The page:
• Android apps rely on the partition, which means that a coding team is needed to break down the app into activities and fragments. Fragments are parts of a user interface designed to enter a value, open a new screen, and navigate between activities. One activity takes up one app screen. So if a developer needs multiple screens for a project, they will need to manage dozens of activities. And

  • iOS architecture uses view controllers to control an entire screen or some of its parts. Controllers include page view, tab, split view, and more. How do they function? Well, a developer can either write them in code or organize images into a storyboard and store it as an XML file.

It’s important to note: Developers say that iOS architecture is easier to manage and less prone to challenges than Android architecture. Although it has its advantages, Android app development is still more complex than iOS development. Android apps are forced to use dozens of screen styles based on the screen size, density, and version of the OS. Adjusting the graphics to accommodate this range of devices can be a nightmare. And the only way to make sure that the app is displayed correctly for all users is to test it with many device simulators. This is time-consuming, to say the least.

App design systems determine the look and feel of the finished product. In the designing process, iOS and Android use different guidelines. iOS designs rely on Apple products, and these typically prioritize content over design by using shadows and gradients. We would describe iOS designs as immersive with lots of depth and multi-layered visuals. For Android, the designs are more true to life. Color changes, light, and motions are integral to Android apps.

But the aesthetic isn’t all there is to design- there’s also the interface to consider. Keep in mind that the navigation bar is centered on iOS devices, whereas it’s positioned slightly to the left on Androids. You also want to think about how much widget support you need for your project. While Android devices have a lot of support for widgets, iOS devices don’t have nearly as much.

Cost of Creating Mobile Apps: iOS vs. Android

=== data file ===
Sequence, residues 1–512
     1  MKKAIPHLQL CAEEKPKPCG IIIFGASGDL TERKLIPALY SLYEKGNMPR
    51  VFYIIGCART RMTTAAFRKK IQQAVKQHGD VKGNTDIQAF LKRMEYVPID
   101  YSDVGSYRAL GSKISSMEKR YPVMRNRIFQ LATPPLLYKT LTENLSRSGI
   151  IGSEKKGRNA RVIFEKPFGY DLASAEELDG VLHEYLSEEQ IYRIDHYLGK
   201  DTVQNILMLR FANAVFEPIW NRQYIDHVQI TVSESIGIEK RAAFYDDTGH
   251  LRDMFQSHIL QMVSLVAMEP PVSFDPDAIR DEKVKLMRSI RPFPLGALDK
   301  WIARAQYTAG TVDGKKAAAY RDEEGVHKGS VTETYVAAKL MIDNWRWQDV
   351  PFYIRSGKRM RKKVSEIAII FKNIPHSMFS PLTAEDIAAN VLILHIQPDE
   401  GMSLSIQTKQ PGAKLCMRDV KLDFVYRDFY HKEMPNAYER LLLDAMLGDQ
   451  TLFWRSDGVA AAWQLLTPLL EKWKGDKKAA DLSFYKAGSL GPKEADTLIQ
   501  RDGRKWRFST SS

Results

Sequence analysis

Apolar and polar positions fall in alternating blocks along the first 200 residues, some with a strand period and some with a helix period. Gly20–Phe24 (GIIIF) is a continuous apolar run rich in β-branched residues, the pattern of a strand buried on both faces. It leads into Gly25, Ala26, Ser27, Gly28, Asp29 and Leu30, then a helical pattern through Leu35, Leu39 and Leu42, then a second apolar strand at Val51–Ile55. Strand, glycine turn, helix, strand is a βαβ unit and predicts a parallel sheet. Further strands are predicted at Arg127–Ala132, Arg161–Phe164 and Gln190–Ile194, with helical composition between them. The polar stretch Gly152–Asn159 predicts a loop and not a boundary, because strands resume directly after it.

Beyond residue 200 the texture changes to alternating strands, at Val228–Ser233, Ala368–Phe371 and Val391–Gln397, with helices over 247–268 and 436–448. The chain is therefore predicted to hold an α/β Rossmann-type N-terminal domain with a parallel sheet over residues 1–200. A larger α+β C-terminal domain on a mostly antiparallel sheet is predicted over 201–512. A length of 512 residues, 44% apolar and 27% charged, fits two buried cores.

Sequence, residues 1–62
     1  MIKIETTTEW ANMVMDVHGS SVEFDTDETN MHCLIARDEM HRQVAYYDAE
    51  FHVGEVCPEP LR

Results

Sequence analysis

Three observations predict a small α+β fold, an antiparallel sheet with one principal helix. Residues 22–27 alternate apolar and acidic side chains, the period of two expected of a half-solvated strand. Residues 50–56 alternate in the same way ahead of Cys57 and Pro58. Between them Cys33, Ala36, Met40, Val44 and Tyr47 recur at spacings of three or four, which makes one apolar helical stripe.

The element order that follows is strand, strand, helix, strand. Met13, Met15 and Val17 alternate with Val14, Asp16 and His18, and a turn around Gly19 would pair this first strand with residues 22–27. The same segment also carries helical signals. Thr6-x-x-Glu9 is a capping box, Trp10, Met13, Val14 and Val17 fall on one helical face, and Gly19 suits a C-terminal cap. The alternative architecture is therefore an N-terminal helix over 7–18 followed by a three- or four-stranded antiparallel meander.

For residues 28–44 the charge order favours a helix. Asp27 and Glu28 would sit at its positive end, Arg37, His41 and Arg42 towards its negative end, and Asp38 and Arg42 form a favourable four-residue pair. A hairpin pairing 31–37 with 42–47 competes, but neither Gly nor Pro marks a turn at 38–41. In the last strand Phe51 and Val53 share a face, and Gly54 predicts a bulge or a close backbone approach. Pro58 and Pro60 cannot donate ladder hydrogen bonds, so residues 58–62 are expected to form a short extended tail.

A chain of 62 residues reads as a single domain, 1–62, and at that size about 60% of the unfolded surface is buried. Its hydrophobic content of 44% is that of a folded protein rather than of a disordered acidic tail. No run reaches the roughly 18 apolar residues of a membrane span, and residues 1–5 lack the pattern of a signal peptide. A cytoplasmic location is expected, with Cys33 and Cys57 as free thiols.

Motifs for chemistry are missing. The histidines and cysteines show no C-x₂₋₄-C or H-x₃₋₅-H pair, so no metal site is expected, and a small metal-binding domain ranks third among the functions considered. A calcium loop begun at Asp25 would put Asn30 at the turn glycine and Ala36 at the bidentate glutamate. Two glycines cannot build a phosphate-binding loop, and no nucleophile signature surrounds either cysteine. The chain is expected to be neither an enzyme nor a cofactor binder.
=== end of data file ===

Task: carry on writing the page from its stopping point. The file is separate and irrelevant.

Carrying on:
Is creating an iOS app really more expensive than creating an Android?
Is creating an iOS app really more expensive than creating an Android? Image by

It’s commonly believed that iOS development is more expensive than Android. But statistically, that’s not the case. In North America, it costs roughly $150 per hour to develop an iOS app. For an Android app, the cost is about $168 per hour. In Eastern Europe, the cost is estimated to be even: $35 per hour for iOS and Android.

Now let’s factor in complexity. Obviously, more complex projects tend to take longer to complete. A basic app takes approximately 300 hours to develop. A medium-complexity app takes approximately 600 hours. And a complex app requires about 800 hours.

We know that both iOS and Android apps can range from basic to complex. It doesn’t necessarily matter which one a developer is using. However, Android apps frequently require a bigger budget. This is because developers need more resources to adapt to a variety of screen sizes.

Distribution Models

iOS offers an enterprise distribution model that allows developers to distribute to the team’s employees or a select group of individuals. Not only that, but companies will have access to a variety of beta–testing tools and utilities. Another interesting tidbit: For educational apps, there is an iOS university that helps college or school administrations successfully introduce an app to the curriculum.

Android relies on Google Play and others for distribution. It’s also possible to release an Android app on Amazon App Store, which is available in over 200 countries. So actually, Android app distribution helps developers reach a wider audience. And we all know how important it is to be able to attract a broad range of users- niche or otherwise.

In Conclusion

There’s clearly a lot to consider when it comes to choosing between iOS and Android. There’s also no right or wrong answer- the right decision relies heavily on the kind of app you are creating and your business objectives. That said, hopefully, the information in this post provided some of the knowledge you need to make that decision. Happy developing!